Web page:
Static Typing Is Not for Type Checking
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In his post “Strong typing vs strong testing” Bruce Eckel described the idea that statically (or strongly) typed languages don’t give you much, because you should verify your programs with tests anyway, and those tests will check the types as well – no need for the compiler to do that (especially if it makes you less productive with the language).
While this looks like a very good point initially, I have some objections.
First, his terminology is not the popularly agreed one. This stackoverflow answer outlines the difference between statically-typed (types are checked at compile time) vs strongly-typed (no or few implicit type conversions). And to clarify this about the language used in the article – Python – this page tells us Python is dynamically and strongly typed language.
But let’s not nitpick about terminology. I have an objection to the claim that static typing simply gives you some additional tests, that you should write anyway.
In a project written in a dynamic language, can you see the callers of a method? Who calls the speak method in his example? You’ll do a search? Well, what if you have many methods with the same name (
execute())? You would name them differently, maybe? And be sure that you never reuse a method name in the whole project? The ability to quickly navigate through the code of big project is one of the most important ones in terms of productivity. And it’s not that vim with nice plugins doesn’t allow you to navigate through classes and to search for methods – it’s just not possible to make it as precise in a dynamic language, as it can be done in a static one.
Then I want to know what I can call on a given object. To do API “discovery” while I write the code. How often, in a big project, you are absolutely sure which method you want to invoke on an object of a class you see for the first time? Go to that class? Oh, which one is it, since you only know it has the
calculate() method (which is called in the current method)? Writing a test that validates whether you can invoke a given method or not is fine, but doesn’t give you the options to discover what are your options at that point – what method would do the job best for you. Here comes autocomplete with inline documentation. It’s not about saving keystrokes, it’s about knowing what is allowed at this point in the code. I guess constantly opening API documentation pages or other class definitions would work, but it’s tedious.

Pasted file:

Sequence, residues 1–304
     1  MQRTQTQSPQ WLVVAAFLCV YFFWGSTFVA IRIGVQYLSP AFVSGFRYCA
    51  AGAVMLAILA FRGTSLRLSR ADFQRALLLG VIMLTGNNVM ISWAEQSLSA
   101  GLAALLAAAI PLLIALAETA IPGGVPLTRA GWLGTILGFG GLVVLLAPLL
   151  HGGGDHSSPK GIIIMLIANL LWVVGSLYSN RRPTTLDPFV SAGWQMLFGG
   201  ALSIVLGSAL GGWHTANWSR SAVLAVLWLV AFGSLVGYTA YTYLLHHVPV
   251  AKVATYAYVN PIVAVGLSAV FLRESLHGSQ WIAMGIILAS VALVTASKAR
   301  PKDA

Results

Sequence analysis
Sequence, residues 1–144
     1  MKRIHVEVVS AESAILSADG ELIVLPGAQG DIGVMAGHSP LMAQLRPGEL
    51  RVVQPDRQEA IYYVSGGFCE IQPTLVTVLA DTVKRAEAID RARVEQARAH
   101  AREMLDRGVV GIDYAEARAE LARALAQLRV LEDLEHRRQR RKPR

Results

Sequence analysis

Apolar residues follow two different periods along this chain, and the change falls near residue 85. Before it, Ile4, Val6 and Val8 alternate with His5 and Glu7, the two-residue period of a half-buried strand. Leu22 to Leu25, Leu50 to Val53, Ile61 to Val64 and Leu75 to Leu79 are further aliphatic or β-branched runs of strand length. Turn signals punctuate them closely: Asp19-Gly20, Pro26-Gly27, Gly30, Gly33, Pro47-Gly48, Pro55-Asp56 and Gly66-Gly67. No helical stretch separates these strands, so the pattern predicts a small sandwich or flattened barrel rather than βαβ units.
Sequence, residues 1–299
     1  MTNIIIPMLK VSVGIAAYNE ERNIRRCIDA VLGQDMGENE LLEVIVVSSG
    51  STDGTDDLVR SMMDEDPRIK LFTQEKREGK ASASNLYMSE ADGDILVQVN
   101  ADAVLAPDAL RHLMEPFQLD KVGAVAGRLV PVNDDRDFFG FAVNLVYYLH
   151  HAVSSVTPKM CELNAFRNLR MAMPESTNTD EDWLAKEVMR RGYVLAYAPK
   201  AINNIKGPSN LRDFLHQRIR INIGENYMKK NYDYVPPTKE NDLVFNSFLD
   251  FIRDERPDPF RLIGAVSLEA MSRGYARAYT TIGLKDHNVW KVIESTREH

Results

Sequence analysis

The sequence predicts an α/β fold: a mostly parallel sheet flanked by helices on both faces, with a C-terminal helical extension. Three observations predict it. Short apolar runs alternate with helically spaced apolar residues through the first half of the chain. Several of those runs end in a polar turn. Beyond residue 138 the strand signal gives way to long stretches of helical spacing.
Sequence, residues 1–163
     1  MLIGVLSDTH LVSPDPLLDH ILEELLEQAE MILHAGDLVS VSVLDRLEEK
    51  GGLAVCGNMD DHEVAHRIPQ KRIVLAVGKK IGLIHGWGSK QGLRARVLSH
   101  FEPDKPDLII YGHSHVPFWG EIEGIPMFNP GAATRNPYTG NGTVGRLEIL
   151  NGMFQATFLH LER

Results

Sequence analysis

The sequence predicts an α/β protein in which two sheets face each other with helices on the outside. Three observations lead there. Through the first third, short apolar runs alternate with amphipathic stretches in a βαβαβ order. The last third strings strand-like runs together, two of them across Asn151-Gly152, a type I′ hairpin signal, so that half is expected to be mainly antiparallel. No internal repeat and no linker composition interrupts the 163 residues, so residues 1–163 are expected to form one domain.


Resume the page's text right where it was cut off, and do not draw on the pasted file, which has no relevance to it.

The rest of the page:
Then comes refactoring. Yes, you knew I’d bring that up. But that’s the single most important feature that the tests we write enable us to user. We have all our tests so that we can guarantee that when we change something, the code will continue to work correctly. And yet, only in a statically typed language it is possible to do full-featured refactoring. Adding arguments to a method, moving a method to another class, even renaming a method without collateral damage. And yes, there are multiple heuristics that can be employed to make refactoring somewhat possible in Ruby or Python (and JetBrains are trying), but by definition it cannot be that good. Does it matter? And even if it doesn’t happen automatically, tests will catch that, right? If you have 100% coverage, they will. But that doesn’t mean it will take less time to do the change. As opposed to a couple of keystrokes for a static language.
And what are those “mythical big projects” where all the features above are game-changers? Well, most projects with a lifespan of more than 6 months, in my experience.
So, no, static typing is not about the type checks. It’s about you being able to comprehend a big, unfamiliar (or forgotten) codebase faster and with higher level of certainty, to make your way through it and to change it safer and faster. Type checking comes as a handy bonus, though. I won’t employ the “statically typed languages have faster runtimes” argument. (and by all this I don’t mean to dismiss dynamically-typed languages, even though I very much prefer static and strong typing)
And then people may say “your fancy tools and IDEs try to compensate for language deficiencies”. Not at all – my fancy tools are build ontop of the language efficiencies. The tools would not exist if the language didn’t make it possible for them to exist. A language that allows powerful tools to be built for it is a powerful one, and that’s the strength of statically-typed languages, in my view.
Published at DZone with permission of Bozhidar Bozhanov, DZone MVB. See the original article here.
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